Trailer riser design with Omnisphere 2

From sample to synth-based sounds, you can create any sound you want with Omnisphere 2. For starters, let’s focus on trailer sound design. There are several key elements of a typical trailer track and we’ll start with risers.

STEP 1: SELECTING THE RIGHT SOUNDSOURCE

Currently, Omnisphere 2 boasts 4,879 soundsources, so it can take a while to find the right soundsource. Texture soundsources work great for this type of sound design, so I’ll use one of the textures for the first layer and simple noise waveform for another. Trailer music is (usually) all about epicness, loudness and energy, so already aggressive sounds are more than fitting. I’ve picked simple noise waveform for layer A and the Shredder soundsource for layer B. Noise layer is transposed down 12 semitones to add a bit of richness and depth.

 

 

STEP 2: USING LFO TO CONTROL THE PITCH, TONE AND LENGTH OF THE RISER

Omnisphere 2’s LFO is a great tool for creating pulses and controlling other parameters, and here it’s used to control the pitch, filter cutoff and duration of our riser. I’ve set it to 4X (4 bars) with reverse saw LFO shape and SYNC turned on, but it’s easily adjustable to be longer or shorter. Then set the LFO1 to modulate cutoff, amplitude and pitch (coarse).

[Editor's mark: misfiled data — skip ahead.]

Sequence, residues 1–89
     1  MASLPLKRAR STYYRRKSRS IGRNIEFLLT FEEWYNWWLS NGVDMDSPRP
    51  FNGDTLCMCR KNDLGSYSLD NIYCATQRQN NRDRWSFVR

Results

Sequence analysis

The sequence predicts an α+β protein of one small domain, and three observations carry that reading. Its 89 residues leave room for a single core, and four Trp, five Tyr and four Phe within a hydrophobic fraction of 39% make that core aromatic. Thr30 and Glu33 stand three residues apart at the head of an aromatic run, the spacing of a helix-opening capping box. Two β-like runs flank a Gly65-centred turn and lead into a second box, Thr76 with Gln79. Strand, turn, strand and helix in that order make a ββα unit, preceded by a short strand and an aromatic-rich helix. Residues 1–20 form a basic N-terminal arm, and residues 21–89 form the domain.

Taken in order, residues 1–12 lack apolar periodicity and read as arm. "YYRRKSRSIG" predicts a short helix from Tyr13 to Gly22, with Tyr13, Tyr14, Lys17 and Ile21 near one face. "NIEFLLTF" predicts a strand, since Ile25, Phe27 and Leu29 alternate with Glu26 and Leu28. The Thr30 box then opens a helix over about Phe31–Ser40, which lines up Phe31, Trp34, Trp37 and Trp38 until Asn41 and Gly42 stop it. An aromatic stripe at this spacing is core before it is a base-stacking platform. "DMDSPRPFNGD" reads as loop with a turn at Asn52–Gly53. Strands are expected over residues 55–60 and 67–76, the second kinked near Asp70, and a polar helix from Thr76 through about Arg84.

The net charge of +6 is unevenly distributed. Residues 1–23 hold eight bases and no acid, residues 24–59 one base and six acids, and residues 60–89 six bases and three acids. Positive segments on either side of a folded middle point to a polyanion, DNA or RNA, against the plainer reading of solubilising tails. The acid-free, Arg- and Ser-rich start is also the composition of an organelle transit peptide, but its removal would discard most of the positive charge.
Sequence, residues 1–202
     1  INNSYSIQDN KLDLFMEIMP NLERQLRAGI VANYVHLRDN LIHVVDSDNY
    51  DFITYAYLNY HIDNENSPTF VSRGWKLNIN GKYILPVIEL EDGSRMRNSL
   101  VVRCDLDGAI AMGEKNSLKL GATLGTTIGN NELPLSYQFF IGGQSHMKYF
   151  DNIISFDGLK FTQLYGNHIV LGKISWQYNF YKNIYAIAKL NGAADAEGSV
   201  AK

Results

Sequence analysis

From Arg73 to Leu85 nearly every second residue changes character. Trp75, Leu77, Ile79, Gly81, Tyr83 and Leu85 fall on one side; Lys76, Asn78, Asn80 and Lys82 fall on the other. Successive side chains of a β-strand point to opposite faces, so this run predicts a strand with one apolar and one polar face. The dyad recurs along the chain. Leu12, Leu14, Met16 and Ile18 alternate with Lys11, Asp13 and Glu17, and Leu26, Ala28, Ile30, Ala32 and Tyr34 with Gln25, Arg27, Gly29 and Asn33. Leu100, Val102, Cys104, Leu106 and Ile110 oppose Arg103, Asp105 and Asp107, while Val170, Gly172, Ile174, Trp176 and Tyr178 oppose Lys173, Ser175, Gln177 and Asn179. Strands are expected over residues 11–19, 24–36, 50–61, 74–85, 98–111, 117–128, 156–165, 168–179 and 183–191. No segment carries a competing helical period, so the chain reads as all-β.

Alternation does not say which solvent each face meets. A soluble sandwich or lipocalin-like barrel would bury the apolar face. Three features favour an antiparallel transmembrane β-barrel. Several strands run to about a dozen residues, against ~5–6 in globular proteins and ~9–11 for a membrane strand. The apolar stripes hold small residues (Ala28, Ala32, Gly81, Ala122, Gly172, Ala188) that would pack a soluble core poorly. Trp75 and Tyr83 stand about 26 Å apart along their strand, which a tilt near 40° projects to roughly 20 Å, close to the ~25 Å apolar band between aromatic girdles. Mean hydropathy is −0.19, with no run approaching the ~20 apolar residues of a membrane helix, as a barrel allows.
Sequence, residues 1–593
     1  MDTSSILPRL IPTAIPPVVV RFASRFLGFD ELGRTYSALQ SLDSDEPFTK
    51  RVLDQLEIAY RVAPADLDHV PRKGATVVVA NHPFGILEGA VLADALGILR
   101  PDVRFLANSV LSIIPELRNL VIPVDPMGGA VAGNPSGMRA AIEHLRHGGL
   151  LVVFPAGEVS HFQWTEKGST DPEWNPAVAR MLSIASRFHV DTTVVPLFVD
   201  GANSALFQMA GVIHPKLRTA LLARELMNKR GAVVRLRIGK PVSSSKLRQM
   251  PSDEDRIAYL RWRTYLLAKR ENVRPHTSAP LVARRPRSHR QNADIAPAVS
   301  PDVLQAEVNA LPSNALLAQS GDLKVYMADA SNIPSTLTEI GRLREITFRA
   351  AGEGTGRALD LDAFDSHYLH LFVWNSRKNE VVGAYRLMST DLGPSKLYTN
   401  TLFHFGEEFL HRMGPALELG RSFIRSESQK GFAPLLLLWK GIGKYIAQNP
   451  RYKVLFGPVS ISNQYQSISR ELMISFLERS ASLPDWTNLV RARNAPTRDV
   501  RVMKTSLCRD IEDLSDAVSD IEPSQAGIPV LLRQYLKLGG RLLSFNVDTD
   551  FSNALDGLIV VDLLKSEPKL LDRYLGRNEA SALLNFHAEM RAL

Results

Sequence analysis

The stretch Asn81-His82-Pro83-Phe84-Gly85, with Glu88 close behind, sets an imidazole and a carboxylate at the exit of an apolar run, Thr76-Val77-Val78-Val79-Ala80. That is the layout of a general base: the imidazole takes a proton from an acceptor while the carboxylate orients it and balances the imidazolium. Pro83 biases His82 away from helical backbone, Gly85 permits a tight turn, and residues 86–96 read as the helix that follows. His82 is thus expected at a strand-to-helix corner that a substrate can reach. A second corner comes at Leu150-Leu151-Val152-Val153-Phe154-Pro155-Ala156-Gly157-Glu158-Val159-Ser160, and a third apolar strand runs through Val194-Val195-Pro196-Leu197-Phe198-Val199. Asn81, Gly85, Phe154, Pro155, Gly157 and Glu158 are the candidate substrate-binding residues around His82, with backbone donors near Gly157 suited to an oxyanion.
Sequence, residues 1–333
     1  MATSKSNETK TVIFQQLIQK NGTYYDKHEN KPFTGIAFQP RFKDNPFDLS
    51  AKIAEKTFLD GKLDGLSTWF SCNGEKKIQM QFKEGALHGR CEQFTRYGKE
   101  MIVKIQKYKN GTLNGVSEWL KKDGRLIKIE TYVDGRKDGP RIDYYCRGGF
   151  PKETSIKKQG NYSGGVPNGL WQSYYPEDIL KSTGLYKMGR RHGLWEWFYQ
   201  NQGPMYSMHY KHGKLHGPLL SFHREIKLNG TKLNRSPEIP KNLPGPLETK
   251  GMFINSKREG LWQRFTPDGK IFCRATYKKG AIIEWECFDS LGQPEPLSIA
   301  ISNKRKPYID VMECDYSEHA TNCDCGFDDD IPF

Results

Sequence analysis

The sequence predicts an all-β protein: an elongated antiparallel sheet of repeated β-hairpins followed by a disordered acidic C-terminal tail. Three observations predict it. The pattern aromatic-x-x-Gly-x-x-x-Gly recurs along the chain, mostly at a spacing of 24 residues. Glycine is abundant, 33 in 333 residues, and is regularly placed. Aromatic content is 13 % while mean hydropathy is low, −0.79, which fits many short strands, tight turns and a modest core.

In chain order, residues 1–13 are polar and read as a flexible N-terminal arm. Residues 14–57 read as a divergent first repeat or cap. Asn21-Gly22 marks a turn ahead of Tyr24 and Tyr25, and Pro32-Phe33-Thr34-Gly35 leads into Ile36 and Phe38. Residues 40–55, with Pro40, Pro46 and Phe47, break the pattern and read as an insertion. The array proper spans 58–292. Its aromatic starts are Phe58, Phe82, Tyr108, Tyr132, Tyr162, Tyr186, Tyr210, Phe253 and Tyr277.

STEP 3: USING THE EFFECTS

Effects are essential for making the sounds production-ready, and key ingredients are EQ, compression and reverb. Omnisphere 2 has a great suite of effects that would be great as a standalone plugin as well.

For EQ, Studio EQ is a good choice. Typical trailer track will have a lot of stuff going on in the low end (bass pulses, drones, impacts, booms, basses and celli etc.), so it’s good to start with a 100 Hz HPF filter. Also, a slight boost on top is great to make the riser cut through a bit clearly.

Pro-Verb is a fine choice for reverb, and either plate or hall presets shall do well. Here I’ve picked a hall preset with 25 ms of predelay. Dryness/wetness is a personal choice, so adjust to taste – here’s a reverb insert with just 10% wet mix to add a bit of space.

For compression, I find that I usually go to Precision Compressor – it’s transparent and best sounding compressor in Omnisphere 2 in my opinion. To add more punch, Precision Compressor’s input gain can be modulated with LFO1 as well, so it becomes more punchier and louder over time.

 

 

 

Final result is here:

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